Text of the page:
Take the 2-minute tour ×
Stack Overflow is a question and answer site for professional and enthusiast programmers. It's 100% free, no registration required.

I have two Lists (call them foo and bar) and I want to minimise the number of LINQ queries (okay, I know they have a minimal overhead, but still, two queries takes twice the time and LINQ with iOS development can be problematic). The query will be exactly the same, but I want to add the results to the two lists.

My current code looks like this

List<foo> foos = new List<foos>();
List<bar> bars = new List<bars>();

var agg = (from fa in mainList
           from pa in fa.subList
           from cg in pa.subSubList
           let cr = pa.anotherSubList
           where cg.DatePerformed.Year == DateTime.Now.Year - 1 && cr.Count != 0
           select foos.Add(fa)
           select bars.Add(pa));

The compiler is complaining at the second select.

Is there a way to do what I want to do in LINQ or am I going to need to use two loops?

share|improve this question

1 Answer 1

up vote 1 down vote accepted

You can select both items and iterate over the results to add one item to the first list and the other to the other list. You can do that with a class that can hold both items, a Tuple or just an anonymous type like this:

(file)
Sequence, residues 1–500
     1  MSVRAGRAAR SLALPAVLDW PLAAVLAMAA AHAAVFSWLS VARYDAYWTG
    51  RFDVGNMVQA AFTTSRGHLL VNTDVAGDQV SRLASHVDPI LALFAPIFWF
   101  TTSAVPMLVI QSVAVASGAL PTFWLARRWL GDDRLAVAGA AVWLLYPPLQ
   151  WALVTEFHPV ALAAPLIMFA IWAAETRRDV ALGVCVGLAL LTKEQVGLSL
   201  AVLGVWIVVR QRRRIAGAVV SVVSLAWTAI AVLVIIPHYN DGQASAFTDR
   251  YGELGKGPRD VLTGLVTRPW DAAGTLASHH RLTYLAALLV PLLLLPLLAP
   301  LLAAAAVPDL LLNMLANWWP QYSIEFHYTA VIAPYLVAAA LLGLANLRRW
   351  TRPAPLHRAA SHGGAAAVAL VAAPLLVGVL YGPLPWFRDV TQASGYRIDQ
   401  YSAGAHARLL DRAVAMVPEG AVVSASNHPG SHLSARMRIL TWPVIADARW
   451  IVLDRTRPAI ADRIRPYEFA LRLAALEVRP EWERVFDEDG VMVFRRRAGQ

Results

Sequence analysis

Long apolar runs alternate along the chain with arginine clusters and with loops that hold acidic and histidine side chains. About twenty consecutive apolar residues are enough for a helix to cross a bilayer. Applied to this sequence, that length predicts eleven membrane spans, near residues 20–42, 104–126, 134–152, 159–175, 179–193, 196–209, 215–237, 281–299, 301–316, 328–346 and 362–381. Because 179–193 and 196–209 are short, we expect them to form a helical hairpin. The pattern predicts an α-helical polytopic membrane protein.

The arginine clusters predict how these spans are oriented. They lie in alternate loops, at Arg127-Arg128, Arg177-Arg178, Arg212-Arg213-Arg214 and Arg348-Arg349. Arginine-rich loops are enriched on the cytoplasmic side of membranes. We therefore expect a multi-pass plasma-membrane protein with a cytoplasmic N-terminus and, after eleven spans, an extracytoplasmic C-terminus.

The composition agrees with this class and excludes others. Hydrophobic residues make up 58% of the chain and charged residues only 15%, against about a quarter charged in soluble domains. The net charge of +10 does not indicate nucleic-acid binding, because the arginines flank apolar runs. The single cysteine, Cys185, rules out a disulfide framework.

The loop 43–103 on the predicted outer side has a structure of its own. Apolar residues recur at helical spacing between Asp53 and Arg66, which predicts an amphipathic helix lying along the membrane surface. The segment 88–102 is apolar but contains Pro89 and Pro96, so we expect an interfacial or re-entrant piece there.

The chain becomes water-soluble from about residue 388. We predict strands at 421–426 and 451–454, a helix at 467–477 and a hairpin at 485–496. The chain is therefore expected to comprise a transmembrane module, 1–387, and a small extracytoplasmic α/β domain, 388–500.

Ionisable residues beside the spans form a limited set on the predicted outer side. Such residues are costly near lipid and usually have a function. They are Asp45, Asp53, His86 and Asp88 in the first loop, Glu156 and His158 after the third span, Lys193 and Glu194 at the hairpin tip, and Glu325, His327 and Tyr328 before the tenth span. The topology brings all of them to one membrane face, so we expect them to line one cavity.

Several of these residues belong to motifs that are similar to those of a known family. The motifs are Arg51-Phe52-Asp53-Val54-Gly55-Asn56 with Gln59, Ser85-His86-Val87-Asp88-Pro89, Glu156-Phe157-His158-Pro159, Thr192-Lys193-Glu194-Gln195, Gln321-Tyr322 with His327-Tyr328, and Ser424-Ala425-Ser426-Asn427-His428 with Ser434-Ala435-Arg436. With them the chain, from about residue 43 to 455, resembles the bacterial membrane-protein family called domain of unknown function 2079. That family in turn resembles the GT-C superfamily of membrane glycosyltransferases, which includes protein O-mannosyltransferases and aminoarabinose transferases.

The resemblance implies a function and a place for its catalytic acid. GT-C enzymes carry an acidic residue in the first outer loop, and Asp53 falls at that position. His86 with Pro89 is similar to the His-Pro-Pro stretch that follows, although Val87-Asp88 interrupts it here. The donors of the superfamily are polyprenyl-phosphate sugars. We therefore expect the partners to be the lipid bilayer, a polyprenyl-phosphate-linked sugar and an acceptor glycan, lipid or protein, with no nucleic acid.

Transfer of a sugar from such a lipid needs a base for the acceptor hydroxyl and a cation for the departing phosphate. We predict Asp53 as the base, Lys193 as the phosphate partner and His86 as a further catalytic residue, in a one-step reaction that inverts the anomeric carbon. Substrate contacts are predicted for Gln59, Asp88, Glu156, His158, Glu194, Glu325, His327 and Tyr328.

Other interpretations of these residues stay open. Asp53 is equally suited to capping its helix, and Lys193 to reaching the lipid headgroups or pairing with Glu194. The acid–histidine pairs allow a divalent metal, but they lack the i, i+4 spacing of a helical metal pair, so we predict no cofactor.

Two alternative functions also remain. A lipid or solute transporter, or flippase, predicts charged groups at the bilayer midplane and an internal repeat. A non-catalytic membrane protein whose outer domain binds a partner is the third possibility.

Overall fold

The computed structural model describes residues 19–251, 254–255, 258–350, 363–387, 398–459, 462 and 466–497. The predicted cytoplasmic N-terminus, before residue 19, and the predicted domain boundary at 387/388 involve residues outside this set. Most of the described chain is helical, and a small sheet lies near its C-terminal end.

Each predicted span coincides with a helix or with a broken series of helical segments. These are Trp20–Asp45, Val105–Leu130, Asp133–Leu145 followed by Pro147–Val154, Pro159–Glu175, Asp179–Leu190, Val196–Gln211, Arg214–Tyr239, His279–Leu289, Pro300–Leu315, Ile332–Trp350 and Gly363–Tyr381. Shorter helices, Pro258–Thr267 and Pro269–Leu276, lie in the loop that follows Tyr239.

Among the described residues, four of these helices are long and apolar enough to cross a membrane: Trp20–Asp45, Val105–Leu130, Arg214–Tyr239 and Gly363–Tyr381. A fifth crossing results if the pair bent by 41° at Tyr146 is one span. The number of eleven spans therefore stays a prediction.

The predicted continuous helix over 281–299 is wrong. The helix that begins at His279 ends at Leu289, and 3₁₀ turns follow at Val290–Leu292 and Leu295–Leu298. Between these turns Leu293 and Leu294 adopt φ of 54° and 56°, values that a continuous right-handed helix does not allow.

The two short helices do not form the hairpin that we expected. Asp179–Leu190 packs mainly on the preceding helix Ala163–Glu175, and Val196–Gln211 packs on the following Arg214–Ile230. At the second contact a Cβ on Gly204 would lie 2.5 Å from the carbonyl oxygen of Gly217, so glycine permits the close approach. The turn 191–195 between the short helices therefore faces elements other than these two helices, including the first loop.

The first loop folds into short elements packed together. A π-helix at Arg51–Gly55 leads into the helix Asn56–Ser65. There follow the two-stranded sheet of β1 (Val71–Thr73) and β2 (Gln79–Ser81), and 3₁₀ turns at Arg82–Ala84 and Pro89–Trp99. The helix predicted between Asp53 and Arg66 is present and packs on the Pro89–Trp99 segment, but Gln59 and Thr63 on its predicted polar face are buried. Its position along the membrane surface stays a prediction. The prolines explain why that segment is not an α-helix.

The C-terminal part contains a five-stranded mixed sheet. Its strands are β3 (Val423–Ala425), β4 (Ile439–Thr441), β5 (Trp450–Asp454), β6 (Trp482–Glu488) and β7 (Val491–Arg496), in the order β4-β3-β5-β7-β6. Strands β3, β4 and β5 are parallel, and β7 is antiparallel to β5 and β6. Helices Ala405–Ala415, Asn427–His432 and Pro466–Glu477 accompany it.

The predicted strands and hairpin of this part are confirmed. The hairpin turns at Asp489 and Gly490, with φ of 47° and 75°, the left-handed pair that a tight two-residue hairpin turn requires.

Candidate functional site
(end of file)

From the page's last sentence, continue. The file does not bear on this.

var result = from fa in mainList
    from pa in fa.subList
    from cg in pa.subSubList
    let cr = pa.anotherSubList
    where cg.DatePerformed.Year == DateTime.Now.Year - 1 && cr.Count != 0
    select new {First=fa, Second=pa};
foreach (var pair in result)
{
    foos.Add(pair.fa);
    bars.Add(pair.pa);
}
share|improve this answer
    
That's great - pity there isn't really a way to add directly to the Lists from within the query. I wonder how much of a hit having the query and the foreach would be over having the two queries. I did consider using Union, but again, doesn't quite hit what I want to do. –  Nodoid Dec 28 '13 at 12:48
    
1. You could convert the linq to a iterative foreach statements. 2. If you measure in big O notation, it's exactly the same. –  I3arnon Dec 28 '13 at 12:51
    
Actually, if that's linq to objects it is exactly the same, because it's built on yields. –  I3arnon Dec 28 '13 at 13:03

Your Answer

 
discard

By posting your answer, you agree to the privacy policy and terms of service.

Not the answer you're looking for? Browse other questions tagged or ask your own question.